The “start-stop” approach to quarantine and travel restrictions is “completely unacceptable” and testing should be introduced, says the managing director of Fred Olsen Cruise Lines.
After voluntarily pausing all cruising in March as the world was grappling with the spread of coronavirus, the UK-based operator has now been forced to cancel all sailings until at least March 2021, hindered by the UK’s quarantine policy leading to a sputtering recovery of travel and government advice against all sea-going cruise travel.
Peter Deer, who has been in his role for just over a year, told The Telegraph that the “start-stop process” of travel corridors has put Fred Olsen in an “impossible situation”.
“Having a situation which is so fluid, where one moment you can actually go to a destination and the next you can’t is completely unacceptable on a number of levels. A company can’t operate like that, and a travel business can’t due to the nature of what we’re doing.
“Also I don’t believe the consumer can, and eventually any trust or confidence the consumer has in actually going on holiday is going to get thinner and thinner to the point where it will be ‘I’m not going to travel at all’. There has to be a uniform way where travel can operate within a set of rules that everyone understands.”
It’s not just the costs the last-minute quarantine changes can lead to, added Deer, but also the “emotional side of it, and the worry about going on holiday, or worrying when you’re there about how you will get home.”
Without knowing when a Covid-19 vaccine will be available, the cruise boss highlights testing as something that can be used in the short-term.
“No one can predict the future of coronavirus – whether it will die or whether it will be with us for longevity – but what we have to do is be dynamic. We have to find ways of accommodating it within our lives.”
“I think there is an opportunity to use testing to deleverage the risk from travel and cruise significantly.”
What is needed is a “fast test”, he said, with “antigen tests as one way forward”.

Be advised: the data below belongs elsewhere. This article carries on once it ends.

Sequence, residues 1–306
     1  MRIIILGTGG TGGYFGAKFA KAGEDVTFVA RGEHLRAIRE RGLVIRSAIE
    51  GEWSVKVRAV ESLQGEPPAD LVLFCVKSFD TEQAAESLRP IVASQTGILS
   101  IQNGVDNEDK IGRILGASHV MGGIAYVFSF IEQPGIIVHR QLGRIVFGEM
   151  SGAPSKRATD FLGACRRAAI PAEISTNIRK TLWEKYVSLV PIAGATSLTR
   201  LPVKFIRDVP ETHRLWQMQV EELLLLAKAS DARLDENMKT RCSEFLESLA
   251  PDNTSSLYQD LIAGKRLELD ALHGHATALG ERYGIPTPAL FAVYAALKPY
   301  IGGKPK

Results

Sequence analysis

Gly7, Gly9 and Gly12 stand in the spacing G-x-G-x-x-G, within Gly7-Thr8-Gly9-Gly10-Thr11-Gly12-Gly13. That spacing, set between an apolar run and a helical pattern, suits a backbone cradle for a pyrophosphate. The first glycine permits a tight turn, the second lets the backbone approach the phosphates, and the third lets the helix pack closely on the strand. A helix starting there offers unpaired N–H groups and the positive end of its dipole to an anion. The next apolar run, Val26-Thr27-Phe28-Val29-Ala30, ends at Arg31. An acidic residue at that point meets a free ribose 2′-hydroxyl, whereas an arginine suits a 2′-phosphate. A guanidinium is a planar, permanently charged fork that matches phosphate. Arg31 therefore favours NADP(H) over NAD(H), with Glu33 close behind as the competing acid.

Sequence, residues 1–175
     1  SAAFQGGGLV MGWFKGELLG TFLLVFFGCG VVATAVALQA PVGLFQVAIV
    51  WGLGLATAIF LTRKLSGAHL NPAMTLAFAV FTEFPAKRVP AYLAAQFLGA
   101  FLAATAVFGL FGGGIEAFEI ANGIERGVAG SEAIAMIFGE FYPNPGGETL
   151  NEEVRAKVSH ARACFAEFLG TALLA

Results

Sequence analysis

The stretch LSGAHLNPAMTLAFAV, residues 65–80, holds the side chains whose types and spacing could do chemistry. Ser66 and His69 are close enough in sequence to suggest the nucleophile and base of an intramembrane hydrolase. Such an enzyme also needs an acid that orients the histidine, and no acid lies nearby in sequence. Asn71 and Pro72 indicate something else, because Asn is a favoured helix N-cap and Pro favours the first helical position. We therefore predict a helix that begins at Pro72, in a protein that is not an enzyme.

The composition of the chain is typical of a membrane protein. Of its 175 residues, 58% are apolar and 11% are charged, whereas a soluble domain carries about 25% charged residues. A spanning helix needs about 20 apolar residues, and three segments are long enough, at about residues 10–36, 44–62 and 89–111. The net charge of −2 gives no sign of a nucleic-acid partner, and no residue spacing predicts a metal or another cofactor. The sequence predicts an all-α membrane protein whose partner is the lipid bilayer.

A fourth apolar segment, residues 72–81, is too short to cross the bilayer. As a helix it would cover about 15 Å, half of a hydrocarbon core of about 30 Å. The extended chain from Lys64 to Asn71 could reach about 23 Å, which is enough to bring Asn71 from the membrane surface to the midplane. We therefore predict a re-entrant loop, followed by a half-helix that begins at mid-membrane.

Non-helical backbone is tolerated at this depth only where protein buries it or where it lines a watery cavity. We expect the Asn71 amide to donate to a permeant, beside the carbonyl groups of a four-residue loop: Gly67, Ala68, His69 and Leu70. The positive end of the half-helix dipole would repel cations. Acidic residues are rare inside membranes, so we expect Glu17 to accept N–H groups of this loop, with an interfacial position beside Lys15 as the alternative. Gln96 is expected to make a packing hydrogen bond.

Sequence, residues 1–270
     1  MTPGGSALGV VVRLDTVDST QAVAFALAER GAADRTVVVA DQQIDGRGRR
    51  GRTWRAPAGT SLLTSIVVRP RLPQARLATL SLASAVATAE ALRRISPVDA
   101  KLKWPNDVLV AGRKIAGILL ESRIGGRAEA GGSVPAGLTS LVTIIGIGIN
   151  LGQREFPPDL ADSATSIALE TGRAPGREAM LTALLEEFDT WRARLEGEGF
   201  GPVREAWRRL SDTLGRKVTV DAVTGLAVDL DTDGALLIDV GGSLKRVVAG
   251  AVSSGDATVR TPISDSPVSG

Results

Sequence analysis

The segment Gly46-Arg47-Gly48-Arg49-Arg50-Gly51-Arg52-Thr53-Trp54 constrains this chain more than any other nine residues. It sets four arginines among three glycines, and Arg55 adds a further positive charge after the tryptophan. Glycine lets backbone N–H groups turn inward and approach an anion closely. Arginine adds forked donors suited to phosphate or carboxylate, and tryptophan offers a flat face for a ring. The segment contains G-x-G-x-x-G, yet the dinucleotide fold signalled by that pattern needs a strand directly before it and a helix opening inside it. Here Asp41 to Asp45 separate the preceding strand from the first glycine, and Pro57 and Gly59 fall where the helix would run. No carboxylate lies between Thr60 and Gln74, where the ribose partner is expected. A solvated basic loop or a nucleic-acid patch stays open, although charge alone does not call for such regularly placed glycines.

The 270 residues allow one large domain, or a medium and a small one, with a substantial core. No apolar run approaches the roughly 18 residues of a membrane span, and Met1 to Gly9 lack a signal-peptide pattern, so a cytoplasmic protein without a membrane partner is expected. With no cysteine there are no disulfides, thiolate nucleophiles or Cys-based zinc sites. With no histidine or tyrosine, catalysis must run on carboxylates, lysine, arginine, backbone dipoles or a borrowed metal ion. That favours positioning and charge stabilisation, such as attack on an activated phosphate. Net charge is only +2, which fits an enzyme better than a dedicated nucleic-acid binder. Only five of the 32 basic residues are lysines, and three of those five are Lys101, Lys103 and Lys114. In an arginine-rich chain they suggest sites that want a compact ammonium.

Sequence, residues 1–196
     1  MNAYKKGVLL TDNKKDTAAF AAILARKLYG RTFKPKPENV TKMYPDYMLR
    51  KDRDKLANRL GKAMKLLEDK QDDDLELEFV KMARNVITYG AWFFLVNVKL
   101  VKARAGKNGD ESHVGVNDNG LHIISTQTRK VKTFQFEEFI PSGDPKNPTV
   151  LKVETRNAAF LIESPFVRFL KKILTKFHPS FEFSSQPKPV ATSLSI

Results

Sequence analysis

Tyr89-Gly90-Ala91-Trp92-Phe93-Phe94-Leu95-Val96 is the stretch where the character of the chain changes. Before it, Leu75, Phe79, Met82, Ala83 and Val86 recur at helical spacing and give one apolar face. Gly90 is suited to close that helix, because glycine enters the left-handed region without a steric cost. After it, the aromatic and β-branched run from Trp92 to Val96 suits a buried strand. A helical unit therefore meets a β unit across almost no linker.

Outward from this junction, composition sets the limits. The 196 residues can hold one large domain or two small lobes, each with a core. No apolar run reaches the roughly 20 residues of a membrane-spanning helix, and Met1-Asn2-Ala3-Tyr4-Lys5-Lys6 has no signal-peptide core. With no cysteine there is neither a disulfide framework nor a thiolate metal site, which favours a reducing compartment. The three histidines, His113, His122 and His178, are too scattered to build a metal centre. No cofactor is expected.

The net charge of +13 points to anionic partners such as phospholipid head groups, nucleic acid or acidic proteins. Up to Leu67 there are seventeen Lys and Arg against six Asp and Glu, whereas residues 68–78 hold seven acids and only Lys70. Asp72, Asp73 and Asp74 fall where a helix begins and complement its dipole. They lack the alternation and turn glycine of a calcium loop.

“When you step onboard into a clean environment – as we’ve done the same [testing] with our crew – you should be at low-risk of being in a ‘Covid zone’ in any way whatsoever. That is what we need to get to.”
Frequent testing on board will be crucial to the resumption of cruising, he added, but that testing is “a way of giving confidence to ourselves and the consumer, [showing] that they can go on holiday again and go cruising.
Deer previously told Telegraph Travel that “together with airports, UK cruise terminals should be fitted with the facilities to fast test at embarkation and disembarkation.
“This will be one very positive step that gives customers confidence to cruise.”
Andy Harmer, director of the Cruise Line International Association (Clia) industry body, said last week that the industry is working with government, ports and health authorities to develop enhanced "door to door" protocols "which cover passengers from the time of booking to their return home".
The Telegraph understands that further details on Clia’s ‘roadmap’ to the safe resumption in the UK and Ireland are likely to be announced next week, and discussions with authorities are ongoing.
River cruises have been successfully sailing across Europe since June, and they are exempt from the Foreign, Commonwealth and Development Office (FCDO) advice for British nationals. A number of cruises have also taken place off the coast of Scotland.
Britons looking for winter sun will be able to book a Caribbean cruise from Barbados with SeaDream, a luxury operator. Despite the FCDO guidelines, travel insurance can still be purchased from cruises.
Anti-Covid measures include swab tests before embarkation, with anyone who tests positive for the virus, or shows symptoms, denied boarding. Passengers will only be allowed ashore via guided excursions, with independent exploration of ports prohibited.